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Ireland

The Companies (Auditing & Accounting) Act 2003 introduces important changes to Irish company law. The Act is a response to concerns that have arisen in light of international accounting matters and it imposes additional obligations primarily on both company directors and company auditors.

Arguably, the most significant feature of the Act is the obligation on directors of Irish companies to make a compliance statement each year. This applies to directors of all companies save those with a balance sheet total of less than €7.6 million ($9.4 million) and an annual turnover of less than €15.2 million, and other specifically exempt companies.

The directors' statement must confirm that they have used all reasonable endeavours to secure the company's compliance with its company law obligations, its tax law obligations, and its obligations under "all other enactments which provide a legal framework within which the company operates and which may materially affect its financial statement" (or, if not, the reasons why). Clearly, determining which legal obligations, aside from company and tax law, are material will not be a simple matter. The auditors must then confirm that the directors' compliance statement is "fair and reasonable". The Act also imposes an obligation on companies to prepare written policies setting out procedures to ensure compliance with these legal obligations.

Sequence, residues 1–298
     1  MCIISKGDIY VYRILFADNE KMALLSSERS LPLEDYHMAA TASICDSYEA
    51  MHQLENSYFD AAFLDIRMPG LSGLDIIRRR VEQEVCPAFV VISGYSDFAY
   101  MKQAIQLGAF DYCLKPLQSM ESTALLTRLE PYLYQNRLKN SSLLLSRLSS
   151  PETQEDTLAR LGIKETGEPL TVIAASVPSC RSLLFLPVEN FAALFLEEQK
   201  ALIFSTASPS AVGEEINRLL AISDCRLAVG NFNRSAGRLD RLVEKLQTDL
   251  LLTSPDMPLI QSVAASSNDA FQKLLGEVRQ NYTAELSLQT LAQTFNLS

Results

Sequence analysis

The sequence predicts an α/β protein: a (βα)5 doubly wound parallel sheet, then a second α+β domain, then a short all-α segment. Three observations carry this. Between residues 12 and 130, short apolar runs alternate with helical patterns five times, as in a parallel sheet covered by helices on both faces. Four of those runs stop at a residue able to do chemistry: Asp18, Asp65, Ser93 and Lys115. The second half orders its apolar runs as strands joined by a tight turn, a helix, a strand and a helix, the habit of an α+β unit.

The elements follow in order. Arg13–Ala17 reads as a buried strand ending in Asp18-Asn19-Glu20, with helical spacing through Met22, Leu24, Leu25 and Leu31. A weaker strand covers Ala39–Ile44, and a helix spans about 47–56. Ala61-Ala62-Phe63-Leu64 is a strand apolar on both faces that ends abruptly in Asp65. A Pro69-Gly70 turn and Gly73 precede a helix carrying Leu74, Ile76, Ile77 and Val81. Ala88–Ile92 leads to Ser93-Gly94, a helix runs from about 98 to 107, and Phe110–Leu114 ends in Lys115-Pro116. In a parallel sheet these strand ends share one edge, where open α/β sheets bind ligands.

Additionally, the Act introduces the concept of audit committees to Irish company law. Public companies must appoint an audit committee. Large private companies must either appoint an audit committee, or explain in their annual return why they have not appointed an audit committee.

Furthermore, the Act obliges companies to disclose the remuneration paid to the company's auditor (and its affiliates) for both audit and non-audit work and the nature of any non-audit work. If the non-audit remuneration exceeds the audit remuneration, the audit committee (or the board of directors, if no audit committee is appointed) must explain the reasons the non-audit work was carried out by the auditors and must confirm its satisfaction that carrying out the non-audit work has not affected the auditor's independence.

Finally, the Act sets up an independent statutory body to supervise the regulation by the accountancy bodies of their members.

By Olivia Long and Gerry Thornton

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